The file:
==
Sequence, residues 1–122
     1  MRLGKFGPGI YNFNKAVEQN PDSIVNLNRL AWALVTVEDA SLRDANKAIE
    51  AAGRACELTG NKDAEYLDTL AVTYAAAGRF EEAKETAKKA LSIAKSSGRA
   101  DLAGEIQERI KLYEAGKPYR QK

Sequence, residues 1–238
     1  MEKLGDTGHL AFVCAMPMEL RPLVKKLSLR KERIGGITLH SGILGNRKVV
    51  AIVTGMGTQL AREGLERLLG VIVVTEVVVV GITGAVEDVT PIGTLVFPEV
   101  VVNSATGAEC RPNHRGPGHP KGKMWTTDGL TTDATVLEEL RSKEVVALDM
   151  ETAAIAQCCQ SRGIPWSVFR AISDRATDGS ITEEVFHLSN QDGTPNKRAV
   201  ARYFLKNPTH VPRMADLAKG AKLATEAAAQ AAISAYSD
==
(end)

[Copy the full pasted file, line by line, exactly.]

Sequence, residues 1–122
     1  MRLGKFGPGI YNFNKAVEQN PDSIVNLNRL AWALVTVEDA SLRDANKAIE
    51  AAGRACELTG NKDAEYLDTL AVTYAAAGRF EEAKETAKKA LSIAKSSGRA
   101  DLAGEIQERI KLYEAGKPYR QK

Sequence, residues 1–238
     1  MEKLGDTGHL AFVCAMPMEL RPLVKKLSLR KERIGGITLH SGILGNRKVV
    51  AIVTGMGTQL AREGLERLLG VIVVTEVVVV GITGAVEDVT PIGTLVFPEV
   101  VVNSATGAEC RPNHRGPGHP KGKMWTTDGL TTDATVLEEL RSKEVVALDM
   151  ETAAIAQCCQ SRGIPWSVFR AISDRATDGS ITEEVFHLSN QDGTPNKRAV
   201  ARYFLKNPTH VPRMADLAKG AKLATEAAAQ AAISAYSD